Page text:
Thursday, July 17, 2008

Science, the inconvenient truth

OK, I understand that Jonah Goldberg is one of the more reliable conservative voices and, as must happen these days with people coming from either side of the spectrum, he must demonize the "other side." He writes well enough, if more than a bit incautiously at times. But, if one is to grasp where conservatism is these days, Goldberg is definitely one to whom you must pay attention.

That said, his column of today (reprinted in the Chicago Tribune) is an example of how partisanship is so often the enemy of truth, leading both sides to a willful disregard of reality. He begins by criticizing both sides for their demonization of oil speculators, a fair point undermined by a gratuitous compliment for Newt Gingrich (a man I've heard speak enough to know that he'll say about four things which are insightful and even brilliant, then will come out with a fifth that is so remarkably loopy that you question his sanity; even without that, there is an element of worship in Goldberg's throwing him into this discussion, as his current relevance is close to nil).

Goldberg spins the discussion into a generalized rant about how the U.S. government is acting in a way that keeps prices high. Predictably, he sees massive drilling as an answer, the maintenance of a Strategic Petroleum Reserve as a political tool, and taxes and regulations as some kind of strategy to "drive up pump prices."

That there are huge potential costs and questionable benefits in the expansion of drilling is not something the "drillheads" like to consider. That there might be good reasons for the government to maintain a supply of oil doesn't fit into this worldview. That taxes and regulations are imposed to do things like maintain the roads and protect the environment isn't taken into account.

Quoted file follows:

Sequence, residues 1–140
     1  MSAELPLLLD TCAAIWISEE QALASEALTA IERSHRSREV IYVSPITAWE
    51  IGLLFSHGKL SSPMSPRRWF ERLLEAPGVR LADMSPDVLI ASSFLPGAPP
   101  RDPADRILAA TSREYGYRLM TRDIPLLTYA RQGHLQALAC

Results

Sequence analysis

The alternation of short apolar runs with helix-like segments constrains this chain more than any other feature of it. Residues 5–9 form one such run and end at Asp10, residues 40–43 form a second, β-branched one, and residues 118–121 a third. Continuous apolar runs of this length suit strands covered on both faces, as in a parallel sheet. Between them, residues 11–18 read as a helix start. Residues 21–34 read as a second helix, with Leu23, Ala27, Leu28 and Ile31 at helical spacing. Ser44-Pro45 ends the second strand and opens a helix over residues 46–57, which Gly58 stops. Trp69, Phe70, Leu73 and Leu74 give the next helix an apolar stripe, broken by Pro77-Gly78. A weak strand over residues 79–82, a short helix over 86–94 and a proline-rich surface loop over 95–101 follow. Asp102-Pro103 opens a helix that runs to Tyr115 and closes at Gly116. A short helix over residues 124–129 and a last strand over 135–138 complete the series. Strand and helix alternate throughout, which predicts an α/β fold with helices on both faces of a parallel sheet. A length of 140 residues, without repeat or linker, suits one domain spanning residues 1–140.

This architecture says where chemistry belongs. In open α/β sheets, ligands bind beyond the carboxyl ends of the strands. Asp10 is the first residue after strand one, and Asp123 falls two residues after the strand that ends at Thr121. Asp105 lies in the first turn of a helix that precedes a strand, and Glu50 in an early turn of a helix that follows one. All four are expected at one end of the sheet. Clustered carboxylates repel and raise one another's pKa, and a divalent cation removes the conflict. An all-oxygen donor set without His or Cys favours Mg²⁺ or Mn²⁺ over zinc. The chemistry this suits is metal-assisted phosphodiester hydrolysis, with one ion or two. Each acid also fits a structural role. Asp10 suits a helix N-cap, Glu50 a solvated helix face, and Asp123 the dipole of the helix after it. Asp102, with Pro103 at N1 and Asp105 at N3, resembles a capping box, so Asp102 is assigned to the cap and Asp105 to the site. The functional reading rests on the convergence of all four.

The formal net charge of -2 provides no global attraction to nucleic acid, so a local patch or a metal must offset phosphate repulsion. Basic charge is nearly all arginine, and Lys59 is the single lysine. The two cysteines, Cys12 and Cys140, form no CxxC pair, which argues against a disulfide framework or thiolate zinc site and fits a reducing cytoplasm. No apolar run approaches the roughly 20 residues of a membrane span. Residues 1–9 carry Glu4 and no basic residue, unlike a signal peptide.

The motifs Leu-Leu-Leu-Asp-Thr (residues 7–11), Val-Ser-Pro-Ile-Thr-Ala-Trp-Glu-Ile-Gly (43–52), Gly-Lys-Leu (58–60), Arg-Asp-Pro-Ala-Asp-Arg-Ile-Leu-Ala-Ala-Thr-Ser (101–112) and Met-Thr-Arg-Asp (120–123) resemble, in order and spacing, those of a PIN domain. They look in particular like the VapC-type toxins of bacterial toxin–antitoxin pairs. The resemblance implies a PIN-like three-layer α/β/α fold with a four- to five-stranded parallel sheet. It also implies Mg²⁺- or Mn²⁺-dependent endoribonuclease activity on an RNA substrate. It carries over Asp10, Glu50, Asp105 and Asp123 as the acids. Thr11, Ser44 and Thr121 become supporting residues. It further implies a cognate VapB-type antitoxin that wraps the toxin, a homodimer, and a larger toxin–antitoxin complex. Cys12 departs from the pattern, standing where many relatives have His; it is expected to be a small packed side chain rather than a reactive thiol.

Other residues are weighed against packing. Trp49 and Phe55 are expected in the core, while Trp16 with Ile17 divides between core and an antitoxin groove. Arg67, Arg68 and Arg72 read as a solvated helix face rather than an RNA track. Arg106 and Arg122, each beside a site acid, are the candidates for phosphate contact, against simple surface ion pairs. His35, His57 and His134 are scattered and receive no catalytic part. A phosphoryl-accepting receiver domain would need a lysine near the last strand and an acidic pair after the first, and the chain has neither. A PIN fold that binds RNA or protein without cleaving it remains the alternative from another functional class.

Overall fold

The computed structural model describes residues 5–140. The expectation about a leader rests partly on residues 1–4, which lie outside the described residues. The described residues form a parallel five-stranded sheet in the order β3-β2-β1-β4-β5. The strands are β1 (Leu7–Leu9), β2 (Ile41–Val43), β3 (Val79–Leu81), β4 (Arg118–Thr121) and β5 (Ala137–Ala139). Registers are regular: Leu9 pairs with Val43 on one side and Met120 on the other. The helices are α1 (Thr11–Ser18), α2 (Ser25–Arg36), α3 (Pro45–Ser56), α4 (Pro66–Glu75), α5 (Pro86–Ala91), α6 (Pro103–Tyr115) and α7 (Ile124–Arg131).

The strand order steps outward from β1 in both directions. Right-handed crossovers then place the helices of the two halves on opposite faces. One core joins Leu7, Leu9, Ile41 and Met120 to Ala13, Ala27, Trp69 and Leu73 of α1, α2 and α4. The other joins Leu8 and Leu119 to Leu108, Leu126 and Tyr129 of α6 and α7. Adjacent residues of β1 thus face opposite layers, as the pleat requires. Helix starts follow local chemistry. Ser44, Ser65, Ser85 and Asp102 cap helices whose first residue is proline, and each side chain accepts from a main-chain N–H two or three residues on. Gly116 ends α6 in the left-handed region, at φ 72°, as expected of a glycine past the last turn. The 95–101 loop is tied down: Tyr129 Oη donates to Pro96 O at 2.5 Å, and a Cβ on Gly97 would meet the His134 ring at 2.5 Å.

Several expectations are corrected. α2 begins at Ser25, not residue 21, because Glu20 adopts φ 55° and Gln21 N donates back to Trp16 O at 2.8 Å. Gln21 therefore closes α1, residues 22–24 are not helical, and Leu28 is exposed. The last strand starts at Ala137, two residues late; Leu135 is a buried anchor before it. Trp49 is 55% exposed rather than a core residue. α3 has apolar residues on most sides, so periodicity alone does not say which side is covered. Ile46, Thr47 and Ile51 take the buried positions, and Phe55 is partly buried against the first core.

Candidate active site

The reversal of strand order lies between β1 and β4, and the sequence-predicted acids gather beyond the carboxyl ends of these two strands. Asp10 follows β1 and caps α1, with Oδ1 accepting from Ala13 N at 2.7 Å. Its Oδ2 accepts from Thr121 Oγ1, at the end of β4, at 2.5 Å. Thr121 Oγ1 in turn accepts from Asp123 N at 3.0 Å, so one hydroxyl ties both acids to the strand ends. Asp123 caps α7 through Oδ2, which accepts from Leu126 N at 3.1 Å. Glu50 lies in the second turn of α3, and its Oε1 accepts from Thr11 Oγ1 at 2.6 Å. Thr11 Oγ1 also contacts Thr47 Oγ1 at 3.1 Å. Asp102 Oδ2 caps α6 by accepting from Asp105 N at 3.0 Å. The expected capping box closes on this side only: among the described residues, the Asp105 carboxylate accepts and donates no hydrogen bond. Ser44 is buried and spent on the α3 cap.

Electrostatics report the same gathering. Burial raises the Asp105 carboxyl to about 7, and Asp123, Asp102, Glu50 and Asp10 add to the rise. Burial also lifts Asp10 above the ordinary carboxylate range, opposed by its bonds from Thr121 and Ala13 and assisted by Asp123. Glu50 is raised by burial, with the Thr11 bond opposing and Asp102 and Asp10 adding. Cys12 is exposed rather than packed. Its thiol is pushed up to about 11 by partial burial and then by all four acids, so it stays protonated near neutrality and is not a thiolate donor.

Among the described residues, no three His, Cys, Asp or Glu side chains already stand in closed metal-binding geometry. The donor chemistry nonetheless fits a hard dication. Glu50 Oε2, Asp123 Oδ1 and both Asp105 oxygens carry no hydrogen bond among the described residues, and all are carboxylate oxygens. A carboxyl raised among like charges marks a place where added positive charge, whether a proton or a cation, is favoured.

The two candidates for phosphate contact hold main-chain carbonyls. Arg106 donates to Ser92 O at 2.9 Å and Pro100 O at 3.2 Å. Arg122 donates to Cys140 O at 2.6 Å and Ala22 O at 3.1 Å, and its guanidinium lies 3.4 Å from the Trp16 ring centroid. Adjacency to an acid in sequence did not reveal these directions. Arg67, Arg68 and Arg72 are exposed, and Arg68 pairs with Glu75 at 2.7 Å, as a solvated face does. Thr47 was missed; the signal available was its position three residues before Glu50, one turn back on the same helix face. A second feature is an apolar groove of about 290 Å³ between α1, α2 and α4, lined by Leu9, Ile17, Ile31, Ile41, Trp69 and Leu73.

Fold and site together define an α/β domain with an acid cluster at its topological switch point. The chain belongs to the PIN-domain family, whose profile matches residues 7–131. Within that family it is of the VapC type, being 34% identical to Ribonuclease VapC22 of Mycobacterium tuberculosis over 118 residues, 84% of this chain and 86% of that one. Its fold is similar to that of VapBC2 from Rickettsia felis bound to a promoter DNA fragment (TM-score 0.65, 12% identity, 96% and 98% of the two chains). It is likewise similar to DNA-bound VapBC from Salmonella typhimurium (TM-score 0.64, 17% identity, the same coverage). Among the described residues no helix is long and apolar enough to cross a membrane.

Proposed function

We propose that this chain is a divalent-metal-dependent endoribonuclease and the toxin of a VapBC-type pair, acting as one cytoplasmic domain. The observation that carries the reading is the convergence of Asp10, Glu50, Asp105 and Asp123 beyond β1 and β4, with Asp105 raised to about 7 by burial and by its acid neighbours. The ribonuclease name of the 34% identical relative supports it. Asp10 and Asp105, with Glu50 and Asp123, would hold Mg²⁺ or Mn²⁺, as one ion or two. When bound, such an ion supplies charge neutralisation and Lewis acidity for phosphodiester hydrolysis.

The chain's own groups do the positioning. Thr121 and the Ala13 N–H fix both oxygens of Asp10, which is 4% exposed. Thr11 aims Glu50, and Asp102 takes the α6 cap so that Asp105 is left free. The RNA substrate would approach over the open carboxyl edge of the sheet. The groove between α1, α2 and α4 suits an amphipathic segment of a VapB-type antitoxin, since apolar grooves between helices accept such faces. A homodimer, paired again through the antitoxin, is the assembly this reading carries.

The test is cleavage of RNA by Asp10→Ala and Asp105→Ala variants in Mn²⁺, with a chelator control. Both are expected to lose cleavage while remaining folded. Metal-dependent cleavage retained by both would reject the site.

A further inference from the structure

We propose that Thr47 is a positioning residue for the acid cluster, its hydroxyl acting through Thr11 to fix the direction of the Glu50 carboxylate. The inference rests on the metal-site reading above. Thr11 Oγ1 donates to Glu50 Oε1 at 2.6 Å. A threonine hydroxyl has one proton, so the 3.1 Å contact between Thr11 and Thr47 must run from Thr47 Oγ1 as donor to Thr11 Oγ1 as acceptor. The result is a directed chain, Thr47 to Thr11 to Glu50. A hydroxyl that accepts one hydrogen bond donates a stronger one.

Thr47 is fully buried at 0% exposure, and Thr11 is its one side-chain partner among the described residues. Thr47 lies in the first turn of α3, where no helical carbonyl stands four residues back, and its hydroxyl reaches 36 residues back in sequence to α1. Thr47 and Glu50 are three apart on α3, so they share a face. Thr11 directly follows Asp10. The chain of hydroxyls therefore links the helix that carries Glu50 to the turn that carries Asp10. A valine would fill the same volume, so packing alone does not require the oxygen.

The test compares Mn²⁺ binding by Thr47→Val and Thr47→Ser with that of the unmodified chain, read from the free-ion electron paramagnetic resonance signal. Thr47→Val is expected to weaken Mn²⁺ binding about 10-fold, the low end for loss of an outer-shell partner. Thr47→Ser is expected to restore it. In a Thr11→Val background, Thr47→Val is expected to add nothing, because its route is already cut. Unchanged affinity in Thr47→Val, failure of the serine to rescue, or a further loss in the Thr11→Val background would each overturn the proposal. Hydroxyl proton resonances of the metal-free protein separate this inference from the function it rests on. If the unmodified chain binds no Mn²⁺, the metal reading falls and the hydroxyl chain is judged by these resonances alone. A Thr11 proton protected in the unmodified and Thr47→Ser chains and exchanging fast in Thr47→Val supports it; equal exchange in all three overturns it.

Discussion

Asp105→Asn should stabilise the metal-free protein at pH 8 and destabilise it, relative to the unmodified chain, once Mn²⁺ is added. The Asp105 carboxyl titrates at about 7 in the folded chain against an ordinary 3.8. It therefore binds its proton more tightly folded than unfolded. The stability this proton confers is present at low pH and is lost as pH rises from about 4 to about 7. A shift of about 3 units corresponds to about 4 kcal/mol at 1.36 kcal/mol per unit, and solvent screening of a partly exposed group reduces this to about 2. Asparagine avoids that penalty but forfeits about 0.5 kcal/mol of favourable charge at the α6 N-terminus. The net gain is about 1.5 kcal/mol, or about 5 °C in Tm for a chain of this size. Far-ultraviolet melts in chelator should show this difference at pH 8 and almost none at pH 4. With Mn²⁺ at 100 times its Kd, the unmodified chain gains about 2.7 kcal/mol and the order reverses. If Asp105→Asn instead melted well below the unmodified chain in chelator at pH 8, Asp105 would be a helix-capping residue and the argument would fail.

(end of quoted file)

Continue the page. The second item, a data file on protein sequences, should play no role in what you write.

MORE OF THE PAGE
But all this is within the realm of proper commentary, if addled in my view, and Goldberg doesn't offend truth with any of it. It's this statement:
Liberals in particular have insisted for years that the world is approaching — or has passed — the point of “peak oil.” This is the idea that we’ve hit the maximum rate of global oil extraction, so the supply will steadily diminish, causing prices to rise.
Why must Goldberg and his fellows tie "liberals" to the concept of "peak oil"? How does that enhance the conversation? The supply of oil is a fact, one that is almost certainly impossible to ascertain, but a fact. It could well be true, and many non-partisan scientists believe, that we have gone beyond the point at which we can pull more oil out of the ground. Even if we can, it will be at a price point that will alter the way of life of virtually everyone in the world. This is not a liberal issue, or a conservative issue - it's not political at all. (How we respond to it will almost certainly be political, and appropriately so, but the actual oil that can be extracted with techniques of a certain cost falls into the realm of fact and engineering.)

We've seen the same thing with global warming, I mean, climate change. There are two fundamental questions about climate change, is it happening? and does the activity of man contribute to it? Those are questions of fact, perhaps hard-to-determine fact, not political questions.

In my lifetime, I have seen this partisanship infect more of the public dialogue, and I know that all it does is prevent us from dealing with real issues and real problems. One wonders if, had this style been in place in the '60s, Richard Nixon would have cancelled the Apollo project, claiming that the moon was a figment of the Democratic Party's imagination.

If you don't believe that we've reached a state of "peak oil," say so, and offer some facts to back that up. Tell us why we should believe that there are barrels and barrels out there ripe for the picking, and we can happily maintain our current lives. Goldberg goes on to say we should drill more, and is sneers at the current (small) efforts at changing citizen behavior ("liberals should be rejoicing").

To the extent that conservatives are linked to a non-scientific, unreal view of the world, they will increasingly be seen as out of touch. Goldberg may feel he's bravely raising the torch of light, but he's raising it into a storm of truth, and it will eventually go out, leaving him and his ilk with nothing but a wet stick of wood.

(Not so by the way, I am not excusing liberals from this opinion, I just don't have a current example of it. There are far too many liberals as well who disregard facts in their attempts to cast aspersions on those across the aisle. It is equally repugnant and time-wasting from either side.)

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